In addition to the claims and specification, the Court considers any relevant prosecution history, which consists of the complete record of the proceedings before the Patent and Trademark Office ("PTO"), including the prior art cited during the examination of the patent and any subsequent reexaminations. Phillips , 415 F.3d at 1317. The prosecution history "provides evidence of how the PTO and the inventor understood the patent" and "can often inform the meaning of the claim language by demonstrating how the inventor understood the invention and whether the inventor limited the invention in the course of prosecution, making the claim scope narrower than it would otherwise be." Id . (citing Vitronics , 90 F.3d at 1582-83); see Chimie v. PPG Indus., Inc. , 402 F.3d 1371, 1384 (Fed. Cir. 2005) (indicating that the purpose of consulting the prosecution history as part of claim construction is to exclude any disclaimed interpretation). "At the same time, because prosecution history represents an ongoing negotiation between the PTO and the inventor, it often lacks the clarity of the specification and thus is less useful for claim construction purposes.'" Trading Technologies Int'l, Inc. v. eSpeed, Inc. , 595 F.3d 1340, 1352 (Fed. Cir. 2010) (quoting Netcraft Corp. v. eBay, Inc. , 549 F.3d 1394, 1401 (Fed. Cir. 2008)).

The Court may also examine extrinsic evidence, which includes "all evidence external to the patent and prosecution history, including expert and inventor testimony, dictionaries, and learned treatises." Markman , 52 F.3d at 980. For example, technical dictionaries may provide the Court with a better understanding of the underlying technology and the way in which one of skill in the art might use the claim terms. Phillips , 415 F.3d at 1318; see also Vitronics , 90 F.3d at 1584 n.6. "However, while extrinsic evidence can shed useful light on the relevant art, ' [the Federal Circuit has] explained that it is less significant than the intrinsic record in determining the legally operative meaning of claim language.'" Phillips , 415 F.3d at 1317 (quoting C.R. Bard, Inc. v. U.S. Surgical Corp. , 388 F.3d 858, 862 (Fed. Cir. 2004)).

Finally, with respect to general usage dictionaries, the Federal Circuit has noted that "[d]ictionaries or comparable sources are often useful to assist in understanding the commonly understood meaning of words and have been used.. in claim interpretation, " and that "[a] dictionary definition has the value of being an unbiased source accessible to the public in advance of litigation.'" Phillips , 415 F.3d at 1322 (quoting Vitronics , 90 F.3d at 1585).[3] However, the Federal Circuit cautions that "a general-usage dictionary cannot overcome artspecific evidence of the meaning' of a claim term, " that "the use of the dictionary may extend patent protection beyond what should properly be afforded by the inventor's patent, " and that "[t]here is no guarantee that a term is used in the same way in a treatise as it would be by the patentee." Phillips , 415 F.3d at 1322 (quoting Vanderlande Indus. Nederland BV v. Int'l Trade Comm'n , 366 F.3d 1311, 1321 (Fed. Cir. 2004)). Additionally, "different dictionaries may contain somewhat different sets of definitions for the same words, " and "[a] claim should not rise or fall based upon the preferences of a particular dictionary editor, or the court's independent decision, uninformed by the specification, to rely on one dictionary rather than another." Id.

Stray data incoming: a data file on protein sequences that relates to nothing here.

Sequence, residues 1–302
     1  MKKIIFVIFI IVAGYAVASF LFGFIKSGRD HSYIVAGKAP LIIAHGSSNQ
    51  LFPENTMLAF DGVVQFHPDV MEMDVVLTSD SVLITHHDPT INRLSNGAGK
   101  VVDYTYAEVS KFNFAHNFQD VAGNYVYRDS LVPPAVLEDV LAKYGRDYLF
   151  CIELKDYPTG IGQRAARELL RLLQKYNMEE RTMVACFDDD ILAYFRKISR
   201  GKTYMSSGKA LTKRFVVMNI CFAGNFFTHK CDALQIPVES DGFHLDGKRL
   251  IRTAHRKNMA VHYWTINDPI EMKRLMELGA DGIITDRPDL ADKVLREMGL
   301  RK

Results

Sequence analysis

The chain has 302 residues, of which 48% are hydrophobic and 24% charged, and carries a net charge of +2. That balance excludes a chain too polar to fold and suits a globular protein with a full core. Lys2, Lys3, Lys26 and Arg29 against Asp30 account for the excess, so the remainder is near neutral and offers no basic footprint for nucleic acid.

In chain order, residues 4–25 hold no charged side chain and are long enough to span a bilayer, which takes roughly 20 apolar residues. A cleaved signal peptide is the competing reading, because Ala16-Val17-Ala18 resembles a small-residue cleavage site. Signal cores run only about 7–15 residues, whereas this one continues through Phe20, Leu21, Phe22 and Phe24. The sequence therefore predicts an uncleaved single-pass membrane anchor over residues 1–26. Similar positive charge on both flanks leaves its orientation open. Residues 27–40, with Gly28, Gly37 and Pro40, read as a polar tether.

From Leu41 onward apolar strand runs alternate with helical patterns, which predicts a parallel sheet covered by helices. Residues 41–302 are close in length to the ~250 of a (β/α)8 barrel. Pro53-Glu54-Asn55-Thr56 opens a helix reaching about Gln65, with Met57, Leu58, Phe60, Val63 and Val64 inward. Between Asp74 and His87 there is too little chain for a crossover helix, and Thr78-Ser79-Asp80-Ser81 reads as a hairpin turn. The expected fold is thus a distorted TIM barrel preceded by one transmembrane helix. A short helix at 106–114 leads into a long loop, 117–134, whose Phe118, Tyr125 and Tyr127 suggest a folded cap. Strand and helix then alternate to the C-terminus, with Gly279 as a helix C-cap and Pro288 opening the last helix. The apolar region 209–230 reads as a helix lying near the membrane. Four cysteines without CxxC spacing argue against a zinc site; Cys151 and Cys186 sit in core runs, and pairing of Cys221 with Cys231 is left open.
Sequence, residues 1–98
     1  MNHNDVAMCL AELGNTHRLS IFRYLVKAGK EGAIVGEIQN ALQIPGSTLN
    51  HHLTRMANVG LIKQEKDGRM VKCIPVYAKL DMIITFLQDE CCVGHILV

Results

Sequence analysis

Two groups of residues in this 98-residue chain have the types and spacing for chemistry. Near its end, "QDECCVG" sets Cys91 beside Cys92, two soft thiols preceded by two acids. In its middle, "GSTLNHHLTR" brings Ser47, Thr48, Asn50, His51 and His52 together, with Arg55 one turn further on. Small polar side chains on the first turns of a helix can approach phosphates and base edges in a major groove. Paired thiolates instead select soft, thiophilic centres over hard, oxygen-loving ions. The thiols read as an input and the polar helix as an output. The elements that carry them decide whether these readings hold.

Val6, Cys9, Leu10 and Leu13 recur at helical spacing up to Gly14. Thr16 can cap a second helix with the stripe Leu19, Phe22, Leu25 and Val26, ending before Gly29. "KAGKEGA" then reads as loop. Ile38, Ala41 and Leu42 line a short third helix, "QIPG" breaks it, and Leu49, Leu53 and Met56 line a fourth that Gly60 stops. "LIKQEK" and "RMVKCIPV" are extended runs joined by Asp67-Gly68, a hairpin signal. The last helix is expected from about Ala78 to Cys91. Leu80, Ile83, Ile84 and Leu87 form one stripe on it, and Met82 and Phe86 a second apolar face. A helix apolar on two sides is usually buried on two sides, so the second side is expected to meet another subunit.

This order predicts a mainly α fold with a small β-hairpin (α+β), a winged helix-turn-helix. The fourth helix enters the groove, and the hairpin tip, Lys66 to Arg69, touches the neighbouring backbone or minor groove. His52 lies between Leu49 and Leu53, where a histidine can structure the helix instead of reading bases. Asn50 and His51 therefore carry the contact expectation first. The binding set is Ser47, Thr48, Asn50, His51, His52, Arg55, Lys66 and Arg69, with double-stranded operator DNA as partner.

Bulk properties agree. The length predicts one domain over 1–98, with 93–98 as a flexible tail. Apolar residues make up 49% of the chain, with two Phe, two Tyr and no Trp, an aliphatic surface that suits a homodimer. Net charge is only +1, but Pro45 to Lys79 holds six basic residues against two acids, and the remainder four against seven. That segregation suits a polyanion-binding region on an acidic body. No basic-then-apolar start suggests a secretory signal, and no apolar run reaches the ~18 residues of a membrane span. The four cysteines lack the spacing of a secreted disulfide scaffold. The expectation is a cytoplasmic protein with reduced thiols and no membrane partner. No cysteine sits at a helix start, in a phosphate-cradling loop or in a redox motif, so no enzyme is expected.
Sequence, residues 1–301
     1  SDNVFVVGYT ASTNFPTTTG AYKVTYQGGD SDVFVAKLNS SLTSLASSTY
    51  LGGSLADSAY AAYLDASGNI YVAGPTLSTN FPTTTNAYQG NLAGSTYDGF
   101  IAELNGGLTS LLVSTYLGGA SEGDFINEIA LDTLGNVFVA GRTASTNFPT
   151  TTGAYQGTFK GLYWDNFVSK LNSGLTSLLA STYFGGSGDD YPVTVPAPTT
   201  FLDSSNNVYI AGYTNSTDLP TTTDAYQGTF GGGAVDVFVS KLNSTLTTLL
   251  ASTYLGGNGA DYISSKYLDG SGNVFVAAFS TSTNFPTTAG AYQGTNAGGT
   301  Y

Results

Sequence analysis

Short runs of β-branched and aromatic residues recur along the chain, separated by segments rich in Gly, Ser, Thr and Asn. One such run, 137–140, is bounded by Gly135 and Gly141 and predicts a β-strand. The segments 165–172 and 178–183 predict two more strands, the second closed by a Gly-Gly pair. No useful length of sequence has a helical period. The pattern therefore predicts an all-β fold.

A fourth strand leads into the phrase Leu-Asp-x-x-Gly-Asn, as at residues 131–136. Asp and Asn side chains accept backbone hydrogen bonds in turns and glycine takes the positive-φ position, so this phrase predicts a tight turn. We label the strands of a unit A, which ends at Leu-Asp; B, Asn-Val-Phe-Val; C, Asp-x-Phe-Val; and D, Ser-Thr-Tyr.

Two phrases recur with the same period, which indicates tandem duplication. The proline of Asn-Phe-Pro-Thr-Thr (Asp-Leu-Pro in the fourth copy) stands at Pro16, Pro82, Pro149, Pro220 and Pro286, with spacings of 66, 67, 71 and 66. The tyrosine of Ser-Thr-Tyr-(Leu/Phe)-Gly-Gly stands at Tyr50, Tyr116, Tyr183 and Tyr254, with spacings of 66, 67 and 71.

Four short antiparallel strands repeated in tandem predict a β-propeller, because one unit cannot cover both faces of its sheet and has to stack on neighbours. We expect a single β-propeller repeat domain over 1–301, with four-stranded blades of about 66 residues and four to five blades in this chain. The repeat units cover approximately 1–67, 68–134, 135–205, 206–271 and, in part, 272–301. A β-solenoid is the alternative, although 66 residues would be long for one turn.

With the foregoing principles in mind, the Court will now examine the patents at issue in this case and the disputed claim terms identified by the parties.


In advance of the Markman hearing conducted by this Court, the parties submitted a joint claim construction chart that includes thirteen agreed upon claim terms and eight disputed claim terms. ECF No. 48-2. Two of the agreed upon terms are found in the Anova patents, and eleven agreed upon terms are found in the Promontory patents. The Court adopts all thirteen of the parties' stipulated constructions of the agreed upon terms.

As to the eight disputed terms, three terms are found in Promontory's patents, and the remaining five terms are found in Anova's patents. The Court begins with the terms found in Promontory's patents.

A. Promontory's Patents

1. "processor"

a. Proposed Constructions & Court Ruling

Promontory: "A system component responsible for allocating potential deposit amounts to multiple banks or responsible for one or all of the following: maintaining customer account records, maintaining Settlement Accounts, serving as issuing and paying agent on behalf of Receiving Institutions with respect to deposits established through the Interbank Deposit Service, and serving as subcustodian for Relationship Banks. The functions of the Processor may be performed by one or more entities"
Anova: "One or more computers that are components of an interbank deposit placement system"